Ask Harry #12: How can I reduce the level of frustration in my job?
I often get asked this question by students and executives in my classes and leadership talks, and the reality is that even if you enjoy your job and your career is going well, there are times when you will get frustrated. After reflecting on times that I personally have gotten frustrated, I realized that the usual cause of my frustration was that I made assumptions. I ASSUMED that what I was asking someone or the team to do was clear and that they had agreed to do it. AHHHH, that was the mistake! (Remember the saying about assumptions? I probably shouldn’t include it in a post, but it isn’t good 😉)
As a result of realizing that most of my frustrations were caused by making assumptions, I decided the answer was to try to find ways to reduce the number of assumptions (you may not be able to eliminate assumptions, but you can definitely minimize them). So here is what I decided to do: Beginning many years ago, both in my various positions at Baxter, and now on numerous boards and my classes at Northwestern Kellogg, I decided to replace the use of assumptions with a FOUR STEP PROCESS that works remarkably well. I will summarize the steps and then explain each step:
- Set clear expectations
- Clearly communicate the expectations over and over and over again
- Hold one another accountable
- Clearly explain the consequences (both positive and negative)
As a result of realizing that most of my frustrations were caused by making assumptions, I decided the answer was to try to find ways to reduce the number of assumptions.
Okay, here we go:
1) Set clear expectations
As a leader, I do not need to be dictatorial. I will gather input from the team, take their thoughts into account, and then make the final decision. I will make sure that expectations are CLEAR and leave nothing to someone’s imagination. I will even take the time to make sure the expectations makes sense to the team.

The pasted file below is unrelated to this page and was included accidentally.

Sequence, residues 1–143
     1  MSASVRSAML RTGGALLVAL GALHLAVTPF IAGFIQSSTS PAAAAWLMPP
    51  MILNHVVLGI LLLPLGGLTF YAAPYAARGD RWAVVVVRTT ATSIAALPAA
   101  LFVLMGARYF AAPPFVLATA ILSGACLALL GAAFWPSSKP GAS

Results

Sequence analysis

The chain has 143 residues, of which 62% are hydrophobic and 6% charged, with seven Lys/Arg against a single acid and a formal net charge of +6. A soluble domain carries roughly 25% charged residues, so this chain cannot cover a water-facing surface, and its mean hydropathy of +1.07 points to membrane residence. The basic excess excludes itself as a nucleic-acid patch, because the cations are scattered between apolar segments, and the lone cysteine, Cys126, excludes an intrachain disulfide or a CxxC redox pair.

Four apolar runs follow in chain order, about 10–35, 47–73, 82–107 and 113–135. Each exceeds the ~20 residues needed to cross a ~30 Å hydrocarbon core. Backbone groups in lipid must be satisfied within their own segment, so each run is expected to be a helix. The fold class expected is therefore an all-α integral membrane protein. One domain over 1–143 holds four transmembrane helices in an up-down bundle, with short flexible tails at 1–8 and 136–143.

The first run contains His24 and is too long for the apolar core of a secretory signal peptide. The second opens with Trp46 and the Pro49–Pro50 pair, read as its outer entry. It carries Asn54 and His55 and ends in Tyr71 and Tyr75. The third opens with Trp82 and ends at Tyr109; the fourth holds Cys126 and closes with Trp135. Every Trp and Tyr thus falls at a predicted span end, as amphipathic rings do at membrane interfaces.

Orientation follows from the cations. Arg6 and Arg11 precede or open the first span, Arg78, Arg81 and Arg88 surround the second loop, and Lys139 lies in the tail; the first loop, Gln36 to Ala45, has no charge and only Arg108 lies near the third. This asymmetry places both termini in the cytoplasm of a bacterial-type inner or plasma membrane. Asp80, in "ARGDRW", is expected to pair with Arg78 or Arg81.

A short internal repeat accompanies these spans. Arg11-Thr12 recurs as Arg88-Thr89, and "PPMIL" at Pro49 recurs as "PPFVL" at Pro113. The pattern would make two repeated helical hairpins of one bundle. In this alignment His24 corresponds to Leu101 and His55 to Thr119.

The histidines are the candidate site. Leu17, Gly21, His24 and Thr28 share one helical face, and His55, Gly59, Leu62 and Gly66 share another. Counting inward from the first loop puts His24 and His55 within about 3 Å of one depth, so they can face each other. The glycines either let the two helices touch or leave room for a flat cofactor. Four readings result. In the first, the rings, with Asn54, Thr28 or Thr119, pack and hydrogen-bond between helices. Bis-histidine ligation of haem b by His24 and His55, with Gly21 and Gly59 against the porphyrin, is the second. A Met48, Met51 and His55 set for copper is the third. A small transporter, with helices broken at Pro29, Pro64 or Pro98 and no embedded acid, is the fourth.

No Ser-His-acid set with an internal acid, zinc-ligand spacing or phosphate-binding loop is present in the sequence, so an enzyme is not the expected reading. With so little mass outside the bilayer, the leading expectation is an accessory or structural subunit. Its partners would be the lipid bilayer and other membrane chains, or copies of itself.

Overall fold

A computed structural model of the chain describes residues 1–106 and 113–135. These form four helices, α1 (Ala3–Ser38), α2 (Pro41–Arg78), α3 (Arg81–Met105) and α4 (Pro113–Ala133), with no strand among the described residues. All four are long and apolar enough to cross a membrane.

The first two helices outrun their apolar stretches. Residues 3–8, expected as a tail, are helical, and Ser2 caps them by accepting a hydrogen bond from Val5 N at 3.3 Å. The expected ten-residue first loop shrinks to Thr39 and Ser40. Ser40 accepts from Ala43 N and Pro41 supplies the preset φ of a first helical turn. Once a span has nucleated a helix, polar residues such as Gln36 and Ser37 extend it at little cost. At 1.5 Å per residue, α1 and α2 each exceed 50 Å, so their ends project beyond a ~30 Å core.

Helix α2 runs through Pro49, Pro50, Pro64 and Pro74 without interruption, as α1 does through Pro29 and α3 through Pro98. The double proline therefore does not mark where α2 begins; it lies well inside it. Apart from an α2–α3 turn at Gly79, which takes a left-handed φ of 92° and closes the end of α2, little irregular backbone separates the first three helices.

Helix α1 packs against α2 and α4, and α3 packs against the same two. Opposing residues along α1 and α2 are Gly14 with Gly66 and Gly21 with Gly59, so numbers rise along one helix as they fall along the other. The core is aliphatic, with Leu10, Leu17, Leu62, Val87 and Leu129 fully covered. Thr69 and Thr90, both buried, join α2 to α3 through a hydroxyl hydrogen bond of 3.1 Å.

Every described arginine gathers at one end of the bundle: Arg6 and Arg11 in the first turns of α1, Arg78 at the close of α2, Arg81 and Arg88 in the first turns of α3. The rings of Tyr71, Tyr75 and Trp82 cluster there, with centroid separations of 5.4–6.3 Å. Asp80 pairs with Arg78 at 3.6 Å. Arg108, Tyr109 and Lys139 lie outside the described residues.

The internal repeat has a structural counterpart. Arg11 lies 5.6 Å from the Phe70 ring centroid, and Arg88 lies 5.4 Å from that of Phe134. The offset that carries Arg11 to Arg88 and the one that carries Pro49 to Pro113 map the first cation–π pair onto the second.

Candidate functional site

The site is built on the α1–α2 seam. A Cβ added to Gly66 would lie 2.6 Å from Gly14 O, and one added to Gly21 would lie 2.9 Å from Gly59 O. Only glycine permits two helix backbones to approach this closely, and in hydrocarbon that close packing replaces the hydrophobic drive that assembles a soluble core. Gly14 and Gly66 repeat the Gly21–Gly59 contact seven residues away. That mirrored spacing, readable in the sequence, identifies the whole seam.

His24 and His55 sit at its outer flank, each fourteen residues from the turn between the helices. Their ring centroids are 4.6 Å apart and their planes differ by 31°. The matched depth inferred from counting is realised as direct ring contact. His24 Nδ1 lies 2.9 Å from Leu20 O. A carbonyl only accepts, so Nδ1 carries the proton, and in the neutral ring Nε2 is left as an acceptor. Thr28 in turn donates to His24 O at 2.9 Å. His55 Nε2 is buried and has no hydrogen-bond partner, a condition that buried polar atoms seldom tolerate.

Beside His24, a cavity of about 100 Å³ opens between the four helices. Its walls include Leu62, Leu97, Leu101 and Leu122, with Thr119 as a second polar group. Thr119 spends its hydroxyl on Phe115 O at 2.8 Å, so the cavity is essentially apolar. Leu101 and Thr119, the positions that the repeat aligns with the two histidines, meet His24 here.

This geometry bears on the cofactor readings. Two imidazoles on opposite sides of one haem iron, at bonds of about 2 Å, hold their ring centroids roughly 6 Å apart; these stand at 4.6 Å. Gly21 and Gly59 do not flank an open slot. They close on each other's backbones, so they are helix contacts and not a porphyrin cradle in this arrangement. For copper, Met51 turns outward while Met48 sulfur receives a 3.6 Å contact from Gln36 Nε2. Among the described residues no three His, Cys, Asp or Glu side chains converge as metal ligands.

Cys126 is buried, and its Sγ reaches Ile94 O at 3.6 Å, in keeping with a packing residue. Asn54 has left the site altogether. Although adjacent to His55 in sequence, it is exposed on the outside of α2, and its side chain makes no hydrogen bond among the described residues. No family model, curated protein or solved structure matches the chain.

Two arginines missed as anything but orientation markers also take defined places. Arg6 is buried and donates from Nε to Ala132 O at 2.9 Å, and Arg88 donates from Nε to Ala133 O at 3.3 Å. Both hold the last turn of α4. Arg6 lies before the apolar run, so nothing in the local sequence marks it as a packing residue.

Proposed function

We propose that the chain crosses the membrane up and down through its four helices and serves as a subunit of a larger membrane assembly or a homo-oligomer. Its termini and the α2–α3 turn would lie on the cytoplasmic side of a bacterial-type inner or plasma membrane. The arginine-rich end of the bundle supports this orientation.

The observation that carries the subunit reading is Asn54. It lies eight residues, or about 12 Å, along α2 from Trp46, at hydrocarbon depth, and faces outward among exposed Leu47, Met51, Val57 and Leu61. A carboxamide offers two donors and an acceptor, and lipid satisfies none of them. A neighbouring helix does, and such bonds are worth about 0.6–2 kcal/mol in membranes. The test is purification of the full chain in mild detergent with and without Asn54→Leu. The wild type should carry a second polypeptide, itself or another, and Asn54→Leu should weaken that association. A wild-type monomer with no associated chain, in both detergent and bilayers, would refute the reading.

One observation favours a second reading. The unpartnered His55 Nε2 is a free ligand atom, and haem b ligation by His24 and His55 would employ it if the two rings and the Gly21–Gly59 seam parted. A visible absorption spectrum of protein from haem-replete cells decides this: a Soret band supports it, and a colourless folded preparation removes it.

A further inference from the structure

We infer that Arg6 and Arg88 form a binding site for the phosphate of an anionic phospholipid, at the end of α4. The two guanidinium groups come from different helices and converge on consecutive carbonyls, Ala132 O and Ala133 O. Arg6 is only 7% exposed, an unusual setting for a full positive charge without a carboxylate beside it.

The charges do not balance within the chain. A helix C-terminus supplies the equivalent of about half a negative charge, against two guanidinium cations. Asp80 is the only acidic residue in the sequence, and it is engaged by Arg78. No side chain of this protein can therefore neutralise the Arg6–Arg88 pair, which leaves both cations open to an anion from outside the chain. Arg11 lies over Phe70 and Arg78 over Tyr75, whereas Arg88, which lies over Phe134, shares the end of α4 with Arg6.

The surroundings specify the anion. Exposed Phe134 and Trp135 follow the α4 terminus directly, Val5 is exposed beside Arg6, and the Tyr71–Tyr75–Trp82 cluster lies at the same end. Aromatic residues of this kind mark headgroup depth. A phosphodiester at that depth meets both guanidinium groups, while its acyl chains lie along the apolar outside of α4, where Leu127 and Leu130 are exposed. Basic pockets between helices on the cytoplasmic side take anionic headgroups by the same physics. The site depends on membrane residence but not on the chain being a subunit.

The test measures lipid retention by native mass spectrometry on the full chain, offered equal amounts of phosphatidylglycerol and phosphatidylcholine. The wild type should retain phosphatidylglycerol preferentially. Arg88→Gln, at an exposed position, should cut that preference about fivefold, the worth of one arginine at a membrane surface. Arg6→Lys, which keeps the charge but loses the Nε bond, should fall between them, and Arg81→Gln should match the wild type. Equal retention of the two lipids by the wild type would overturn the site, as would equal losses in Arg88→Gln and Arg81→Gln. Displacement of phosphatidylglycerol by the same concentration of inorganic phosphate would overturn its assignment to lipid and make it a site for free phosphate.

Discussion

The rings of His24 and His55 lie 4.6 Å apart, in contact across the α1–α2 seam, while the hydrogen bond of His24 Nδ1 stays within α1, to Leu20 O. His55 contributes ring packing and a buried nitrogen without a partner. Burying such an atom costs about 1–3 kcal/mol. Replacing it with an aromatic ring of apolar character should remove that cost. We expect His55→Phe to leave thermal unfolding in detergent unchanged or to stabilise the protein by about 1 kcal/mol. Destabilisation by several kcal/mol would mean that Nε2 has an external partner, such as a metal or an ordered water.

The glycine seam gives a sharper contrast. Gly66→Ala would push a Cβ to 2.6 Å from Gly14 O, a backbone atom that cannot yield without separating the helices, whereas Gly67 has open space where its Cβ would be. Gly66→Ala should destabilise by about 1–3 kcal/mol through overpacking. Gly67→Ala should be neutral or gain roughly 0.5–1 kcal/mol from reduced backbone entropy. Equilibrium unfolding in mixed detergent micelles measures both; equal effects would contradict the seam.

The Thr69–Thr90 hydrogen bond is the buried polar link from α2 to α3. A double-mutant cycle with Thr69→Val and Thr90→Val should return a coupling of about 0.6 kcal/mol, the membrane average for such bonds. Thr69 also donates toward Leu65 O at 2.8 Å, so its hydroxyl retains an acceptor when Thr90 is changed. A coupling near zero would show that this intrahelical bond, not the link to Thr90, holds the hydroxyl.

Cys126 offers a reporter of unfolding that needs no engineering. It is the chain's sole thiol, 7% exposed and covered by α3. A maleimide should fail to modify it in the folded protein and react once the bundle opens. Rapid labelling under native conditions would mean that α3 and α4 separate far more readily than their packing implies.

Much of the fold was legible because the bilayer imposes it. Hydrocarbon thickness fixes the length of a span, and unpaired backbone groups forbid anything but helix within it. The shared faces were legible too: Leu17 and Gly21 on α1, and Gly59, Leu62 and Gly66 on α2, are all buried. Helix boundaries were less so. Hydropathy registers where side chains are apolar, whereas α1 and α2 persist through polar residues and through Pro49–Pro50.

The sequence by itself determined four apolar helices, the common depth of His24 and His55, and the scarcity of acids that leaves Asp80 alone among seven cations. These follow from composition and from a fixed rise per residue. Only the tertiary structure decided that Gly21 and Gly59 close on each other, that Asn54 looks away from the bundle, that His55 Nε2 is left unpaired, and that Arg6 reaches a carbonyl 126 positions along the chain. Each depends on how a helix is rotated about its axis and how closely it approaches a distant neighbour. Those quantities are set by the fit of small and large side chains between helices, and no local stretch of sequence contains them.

2) Clearly communicate the expectations over and over and over again
Studies have shown that the average person needs to hear something several times before they have really heard and understood it. When I am asked if we should communicate face to face, over the phone, through email or text or by video or newsletter, I usually respond yes, yes, and definitely yes. I have learned from my military friends the power of what I believe they call “play back,” where the person receiving the communication is required to repeat back what they heard to minimize the chance of misunderstanding. By the way, this step requires EFFECTIVE COMMUNICATION. Again, that may sound obvious, but that would also be an ASSUMPTION 😉. Just the other day I received an email from someone that took 15 minutes to read, and it read like a mystery novel!!! The key to effective communication is to make it short and clear.
3) Hold one another accountable
This is sometimes hard for leaders to do because they may not want to come across overly harsh or unreasonable. However, IF you have set clear expectations and have clearly communicated the expectations, why is it unreasonable to hold one another accountable? My personal goal is not to surprise people. If I surprise someone, that usually means that the expectation or communication was not clear. I try to make things so clear that if someone says that they are “surprised,” I can reply with a clear conscience: “I am surprised that you are surprised!” 😉
4) Clearly explain the consequences (both positive and negative)
It is critical to include this step. If we set the expectation that we will hold one another accountable, but there are no consequences, I think we are headed for exactly what we are trying to avoid: frustration. If we are successful in achieving the expectation, make sure to award the team that made it happen, and if unsuccessful, the team should not be surprised by the negative consequences.
Give this FOUR STEP PROCESS a try, and let me know what you think!